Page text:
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Take stock and chase your passions, law students told

Encouraging law students to develop interests outside the law could lead to better mental health, according to the immediate past president of the Australian Law Students’ Association (ALSA).

user iconMalavika Santhebennur 09 November 2023 Big Law
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Annabel Biscotto has taken an unconventional route to her academic pursuits. While many law students complete their law degree and commence clerkships and internships before accepting a full-time role at law firms or departments, Ms Biscotto decided to take a leave of absence this year from her studies to explore other areas of interest, particularly extracurricular engagements with the ALSA.

Alongside this, because Ms Biscotto is passionate about her Italian culture, she has connected with people from this region.

“I post about law on LinkedIn, meaning these two circles cross over. I’ve gone deeper into the Criminal Justice Institute in Sicily, which wouldn’t have happened if I hadn’t put myself in those circles,” she told Lawyers Weekly ahead of the Women in Law Forum 2023.


At the forum, she and a panel of speakers will discuss how workplaces could become more supportive and inclusive and prioritise the health and wellbeing of women.

She has called for more opportunities for other law students to explore and develop their interests and see what sparks joy to boost their mental health.

However, she acknowledged that this could be difficult to do because law students operate in a competitive environment that compels them to complete their degree and accept full-time positions with top-tier law firms.

“But if they find that this profession is not for them, there’s less incentive for them to leave because they’ve tried so hard and spent five to six years of their life getting to this stage,” Ms Biscotto said.

“They don’t want to throw it away, so they just stay and continue in their role.”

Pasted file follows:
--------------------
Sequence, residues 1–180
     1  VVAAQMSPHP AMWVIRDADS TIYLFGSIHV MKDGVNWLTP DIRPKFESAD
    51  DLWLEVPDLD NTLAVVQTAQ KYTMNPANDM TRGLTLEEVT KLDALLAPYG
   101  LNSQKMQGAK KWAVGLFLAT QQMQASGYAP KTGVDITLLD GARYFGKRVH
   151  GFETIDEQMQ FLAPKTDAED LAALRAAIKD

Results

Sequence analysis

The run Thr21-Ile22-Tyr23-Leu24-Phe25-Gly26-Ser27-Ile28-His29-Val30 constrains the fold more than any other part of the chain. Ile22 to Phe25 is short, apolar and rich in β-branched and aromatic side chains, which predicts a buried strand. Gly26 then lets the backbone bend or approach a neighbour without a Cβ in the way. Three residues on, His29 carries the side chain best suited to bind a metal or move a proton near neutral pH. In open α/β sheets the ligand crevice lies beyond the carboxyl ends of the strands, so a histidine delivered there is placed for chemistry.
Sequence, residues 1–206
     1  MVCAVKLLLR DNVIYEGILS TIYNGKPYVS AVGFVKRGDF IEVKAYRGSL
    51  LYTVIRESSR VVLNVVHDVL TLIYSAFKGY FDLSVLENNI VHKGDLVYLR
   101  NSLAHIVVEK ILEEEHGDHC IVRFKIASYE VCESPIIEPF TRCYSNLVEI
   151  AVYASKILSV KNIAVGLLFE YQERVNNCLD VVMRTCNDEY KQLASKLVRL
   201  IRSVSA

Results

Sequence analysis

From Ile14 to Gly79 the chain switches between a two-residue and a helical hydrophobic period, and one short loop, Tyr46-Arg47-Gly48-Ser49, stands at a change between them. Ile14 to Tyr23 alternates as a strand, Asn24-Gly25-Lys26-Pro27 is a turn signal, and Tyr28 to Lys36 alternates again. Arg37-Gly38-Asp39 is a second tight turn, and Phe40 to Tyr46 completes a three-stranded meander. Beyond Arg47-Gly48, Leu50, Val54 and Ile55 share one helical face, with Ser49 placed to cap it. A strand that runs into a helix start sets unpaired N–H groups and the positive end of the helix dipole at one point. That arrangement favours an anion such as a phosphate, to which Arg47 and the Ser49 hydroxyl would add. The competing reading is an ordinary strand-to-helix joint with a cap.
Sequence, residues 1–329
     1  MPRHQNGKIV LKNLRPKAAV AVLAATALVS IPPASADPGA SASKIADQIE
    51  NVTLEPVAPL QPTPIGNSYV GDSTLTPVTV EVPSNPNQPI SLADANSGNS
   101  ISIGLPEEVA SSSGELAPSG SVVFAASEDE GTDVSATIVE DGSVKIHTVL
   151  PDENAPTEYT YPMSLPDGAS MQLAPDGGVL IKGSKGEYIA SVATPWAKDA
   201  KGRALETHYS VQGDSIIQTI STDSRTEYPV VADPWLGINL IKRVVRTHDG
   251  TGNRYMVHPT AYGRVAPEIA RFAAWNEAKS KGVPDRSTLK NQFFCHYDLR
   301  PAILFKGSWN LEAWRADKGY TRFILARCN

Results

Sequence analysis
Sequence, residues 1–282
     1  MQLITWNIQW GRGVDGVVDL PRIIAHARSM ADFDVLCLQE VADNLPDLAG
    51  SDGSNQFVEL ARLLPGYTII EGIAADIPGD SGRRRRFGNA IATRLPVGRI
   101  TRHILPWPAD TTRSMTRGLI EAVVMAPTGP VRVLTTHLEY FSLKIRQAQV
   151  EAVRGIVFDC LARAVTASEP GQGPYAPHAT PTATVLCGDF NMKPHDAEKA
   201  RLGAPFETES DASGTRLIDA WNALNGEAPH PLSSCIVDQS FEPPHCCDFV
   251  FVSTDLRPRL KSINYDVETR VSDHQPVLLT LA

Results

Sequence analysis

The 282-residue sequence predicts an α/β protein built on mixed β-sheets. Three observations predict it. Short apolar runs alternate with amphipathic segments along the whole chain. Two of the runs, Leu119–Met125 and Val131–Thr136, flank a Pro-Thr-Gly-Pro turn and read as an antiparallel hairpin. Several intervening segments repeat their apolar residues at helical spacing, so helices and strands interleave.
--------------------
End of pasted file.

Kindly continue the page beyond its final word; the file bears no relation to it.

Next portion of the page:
Her role at the ALSA has allowed her to have discussions with other law students about their goals and opinions about the field of law, she said.

“You have many high-performing individuals in high school who then go into university and find that it’s very competitive,” Ms Biscotto said.

“Students see lots of advertisements and sponsors at the top-tier law firms, and they think it is the best job. Then, it’s off to the third and fourth year of their degree, after which they apply for internships and clerkships and eventually secure a great role at these firms.

“There is some stigma around taking a break because if you want to do fewer units, people may perceive it as you being unable to keep up or that your grades aren’t good enough.”

This, along with the hustle culture that is perpetuated by their peers, leaves law students with little time and few opportunities to pursue interests outside of law, Ms Biscotto mused, which could result in depression, anxiety, and other mental health concerns.

However, legal professionals may hesitate to vocalise their concerns for fear of being perceived by their employers as being unable to fulfil their responsibilities in their role, she pointed out.

“They may be unsure of what the assumptions and beliefs around mental health conditions are. But it doesn’t mean you can’t do your job. You might require compassion and empathy and some accommodations,” she said.

“Having said that, mental health is being more openly discussed in the workplace.”

Ms Biscotto encouraged students who wish to pursue their interests to build networks and speak with their peers about how they manage it.

“My favourite saying is you can’t be what you can’t see. If students can’t see their peers following their passion, then it’s very difficult for them to do it themselves,” she said.

“When people speak about it, it won’t be perceived as a bad thing to take a break in the middle of a degree to pursue their passion.”

To hear more from Annabel Biscotto about how law students could broaden their horizons by pursuing their interests, come along to the Women in Law Forum 2023.

It will be held on Thursday, 23 November 2023, at Crown Melbourne.

Click here to buy tickets and don’t miss out!

For more information, including agenda and speakers, click here.

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